Nowadays, it seems like you have to qualify for almost anything you do. Want to drive a car? Study, take tests, get a license. Want to get a job? Study, take tests, get a degree. Want to buy a house? Fill in forms, apply for a loan, get approved. Want to work with children and teenagers? … Actually, it seems no qualification is needed for that.
The gay that didn’t get ironed
At a christian summer camp in Northern Iceland, teenagers were told that the staff would not iron their hama beads because the artwork had the word „gay“ written across it. After a bit of fumbling about, the staff explained to the teenagers that God doesn‘t like homosexuals, and that homosexuality is a sin. Therefore – no hama beads.
It should be noted that the summer camp is run by a small religious group, not connected to the state church of Iceland (who has in the very last years become somewhat tolerant towards queers). Even so, news of the sinful hama beads led to an army of online commenters agreeing with the staff.
I often wonder if the Internet is the best thing that ever happened to humanity, or the worst thing. I think about this when I read comments that can only be categorized as hate speech – sprung from ignorance that is next to incomprehensible at the peak of the information age. Where is all the tolerance we boast about? Where is the progress?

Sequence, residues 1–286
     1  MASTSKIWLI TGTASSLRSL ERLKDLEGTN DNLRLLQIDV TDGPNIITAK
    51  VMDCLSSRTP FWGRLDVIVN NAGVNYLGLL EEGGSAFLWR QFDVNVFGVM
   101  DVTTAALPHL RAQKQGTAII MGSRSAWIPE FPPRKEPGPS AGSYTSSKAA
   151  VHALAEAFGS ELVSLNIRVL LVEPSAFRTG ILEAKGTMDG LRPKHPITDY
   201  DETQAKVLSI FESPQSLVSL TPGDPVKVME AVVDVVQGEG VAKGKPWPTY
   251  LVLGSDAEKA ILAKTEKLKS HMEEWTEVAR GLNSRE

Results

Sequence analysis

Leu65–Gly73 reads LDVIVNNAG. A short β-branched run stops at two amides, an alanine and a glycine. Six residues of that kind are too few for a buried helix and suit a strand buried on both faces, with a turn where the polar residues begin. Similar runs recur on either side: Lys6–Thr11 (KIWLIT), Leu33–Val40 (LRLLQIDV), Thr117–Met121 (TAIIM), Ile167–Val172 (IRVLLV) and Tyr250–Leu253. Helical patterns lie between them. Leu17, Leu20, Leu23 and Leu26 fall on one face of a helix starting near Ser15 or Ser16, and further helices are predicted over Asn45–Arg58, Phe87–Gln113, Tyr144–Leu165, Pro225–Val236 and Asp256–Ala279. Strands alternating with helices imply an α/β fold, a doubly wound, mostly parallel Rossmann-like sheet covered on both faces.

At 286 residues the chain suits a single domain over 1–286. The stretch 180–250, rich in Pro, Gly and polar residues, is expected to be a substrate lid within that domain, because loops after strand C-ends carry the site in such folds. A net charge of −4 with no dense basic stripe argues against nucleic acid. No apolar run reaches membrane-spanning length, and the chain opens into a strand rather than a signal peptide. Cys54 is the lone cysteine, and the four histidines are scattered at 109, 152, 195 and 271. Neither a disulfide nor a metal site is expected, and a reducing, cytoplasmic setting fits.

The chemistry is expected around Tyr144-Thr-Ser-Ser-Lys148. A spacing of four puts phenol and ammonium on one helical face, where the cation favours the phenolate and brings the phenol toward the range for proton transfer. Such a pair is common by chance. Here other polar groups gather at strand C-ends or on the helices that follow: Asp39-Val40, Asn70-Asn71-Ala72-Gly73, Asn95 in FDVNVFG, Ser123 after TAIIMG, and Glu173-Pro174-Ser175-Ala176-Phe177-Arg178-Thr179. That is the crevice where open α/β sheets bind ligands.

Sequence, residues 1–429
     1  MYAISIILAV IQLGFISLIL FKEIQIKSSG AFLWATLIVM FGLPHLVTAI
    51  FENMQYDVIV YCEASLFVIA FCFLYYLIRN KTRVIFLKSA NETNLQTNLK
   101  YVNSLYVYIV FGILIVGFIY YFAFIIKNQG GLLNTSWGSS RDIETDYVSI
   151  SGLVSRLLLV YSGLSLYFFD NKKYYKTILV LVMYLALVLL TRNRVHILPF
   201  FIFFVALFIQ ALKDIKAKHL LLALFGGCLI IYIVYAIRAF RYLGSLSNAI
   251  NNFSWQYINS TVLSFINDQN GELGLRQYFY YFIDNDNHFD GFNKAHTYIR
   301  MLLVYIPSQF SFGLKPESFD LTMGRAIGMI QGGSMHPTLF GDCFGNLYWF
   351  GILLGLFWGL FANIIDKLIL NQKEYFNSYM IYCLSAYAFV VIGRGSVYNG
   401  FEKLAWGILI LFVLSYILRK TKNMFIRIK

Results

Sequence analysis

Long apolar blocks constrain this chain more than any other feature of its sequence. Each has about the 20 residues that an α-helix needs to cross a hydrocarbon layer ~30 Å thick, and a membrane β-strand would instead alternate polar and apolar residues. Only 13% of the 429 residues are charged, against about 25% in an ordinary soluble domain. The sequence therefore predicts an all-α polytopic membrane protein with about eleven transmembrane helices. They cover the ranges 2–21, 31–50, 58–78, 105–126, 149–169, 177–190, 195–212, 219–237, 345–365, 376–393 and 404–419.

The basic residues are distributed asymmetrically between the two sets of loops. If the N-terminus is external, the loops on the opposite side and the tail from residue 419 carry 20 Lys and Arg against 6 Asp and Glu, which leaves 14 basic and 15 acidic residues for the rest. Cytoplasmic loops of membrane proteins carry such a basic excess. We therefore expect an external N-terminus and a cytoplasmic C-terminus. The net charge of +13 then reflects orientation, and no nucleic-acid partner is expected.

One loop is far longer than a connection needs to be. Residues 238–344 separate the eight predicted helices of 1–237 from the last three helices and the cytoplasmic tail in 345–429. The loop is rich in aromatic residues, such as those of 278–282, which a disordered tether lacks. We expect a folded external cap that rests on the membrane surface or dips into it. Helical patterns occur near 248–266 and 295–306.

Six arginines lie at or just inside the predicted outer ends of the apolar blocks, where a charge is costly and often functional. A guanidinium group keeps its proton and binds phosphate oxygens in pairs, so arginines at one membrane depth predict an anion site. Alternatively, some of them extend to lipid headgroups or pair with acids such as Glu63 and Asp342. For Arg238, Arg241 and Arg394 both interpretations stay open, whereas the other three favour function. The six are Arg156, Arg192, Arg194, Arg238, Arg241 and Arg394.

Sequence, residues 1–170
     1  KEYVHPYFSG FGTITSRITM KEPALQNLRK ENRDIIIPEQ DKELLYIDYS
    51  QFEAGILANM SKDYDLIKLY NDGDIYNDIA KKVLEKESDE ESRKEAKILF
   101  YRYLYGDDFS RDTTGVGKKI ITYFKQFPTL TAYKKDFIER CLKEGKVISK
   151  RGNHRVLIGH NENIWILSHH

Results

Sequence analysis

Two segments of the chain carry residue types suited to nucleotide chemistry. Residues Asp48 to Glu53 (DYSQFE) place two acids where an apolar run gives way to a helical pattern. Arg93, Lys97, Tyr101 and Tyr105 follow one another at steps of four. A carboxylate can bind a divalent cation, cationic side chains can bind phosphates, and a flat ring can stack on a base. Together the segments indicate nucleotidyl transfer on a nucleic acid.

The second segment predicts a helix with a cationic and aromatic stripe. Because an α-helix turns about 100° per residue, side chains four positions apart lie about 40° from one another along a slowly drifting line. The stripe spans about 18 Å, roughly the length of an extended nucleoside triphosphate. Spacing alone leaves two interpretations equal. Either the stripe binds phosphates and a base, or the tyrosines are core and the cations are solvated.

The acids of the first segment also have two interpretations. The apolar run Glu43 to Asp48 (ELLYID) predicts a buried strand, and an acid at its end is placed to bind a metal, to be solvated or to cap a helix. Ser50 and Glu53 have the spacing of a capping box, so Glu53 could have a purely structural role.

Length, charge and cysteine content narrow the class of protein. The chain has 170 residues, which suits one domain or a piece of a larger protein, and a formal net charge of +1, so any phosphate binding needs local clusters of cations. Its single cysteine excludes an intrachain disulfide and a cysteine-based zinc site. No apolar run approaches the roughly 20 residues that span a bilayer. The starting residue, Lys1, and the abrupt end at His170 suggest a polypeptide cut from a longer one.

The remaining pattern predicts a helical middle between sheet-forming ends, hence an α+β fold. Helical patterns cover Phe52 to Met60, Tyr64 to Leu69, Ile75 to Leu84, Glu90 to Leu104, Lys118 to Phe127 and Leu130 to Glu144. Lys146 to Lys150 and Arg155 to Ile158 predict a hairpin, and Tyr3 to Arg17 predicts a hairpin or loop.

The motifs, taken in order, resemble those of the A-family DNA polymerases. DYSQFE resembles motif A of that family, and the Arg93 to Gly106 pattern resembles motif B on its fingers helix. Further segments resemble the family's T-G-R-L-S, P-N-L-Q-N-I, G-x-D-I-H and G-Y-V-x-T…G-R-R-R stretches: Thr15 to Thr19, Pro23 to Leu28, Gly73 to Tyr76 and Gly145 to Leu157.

Even though it is very relevant, I won‘t go into all the other things the Bible says it‘s followers must or must not do, and they choose to ignore. After all, the teenagers were not writing things like „education for women“ or „disagree with your parents“ in hama beads. I guess that could have gone ugly.
But I digress.
The positive thing about the „big hama bead case“ is that according to news, the teenagers argued against the staff‘s perspective. Homosexuality became a hot topic during the camp. Árni Grétar Jóhannsson, the director of Samtökin ’78 (e.The National Queer Organization), said in an interview that it seemed heterosexual teenagers had in the end stood up to defend gays right to exist, against the staff.
And that is a very positive thing. If this is something to expect from most teenagers today, that could just be enough to restore my faith in the human species, every time I accidentally read the comment-section below an article about queer matters. If anything symbolizes progress, it is the voices of these teenagers.
Times are changing and kids are too
„Kids today are kinder than they were,“ my friend Signý said to me a few days ago. Many years ago we had been working together at a different summer camp (we didn‘t have any hama beads at all, as I recall) and she had taken a job there this summer, after going back to school to earn more degrees. I lent her a hand for a couple of days and told her I found it harder now to keep the kids attention, than it was almost 20 years ago.
She pointed out she thought other changes outweighed that one. „They are much more accepting to anyone that‘s different from them. It doesn‘t matter how different someone is, they look past it. That was not the case when we used to work here before. They would outcast anyone they didn‘t identify with immediately.“
This gave me even more hope.
It later dawned on me that we (me and Signý) didn‘t really have any qualifications to mentor kids at a summer camp. Sure, we‘d both worked with kids before – she had even taught at school – but there wasn‘t a single test we had to take to make sure we weren‘t filling their minds with all kinds of nonsense.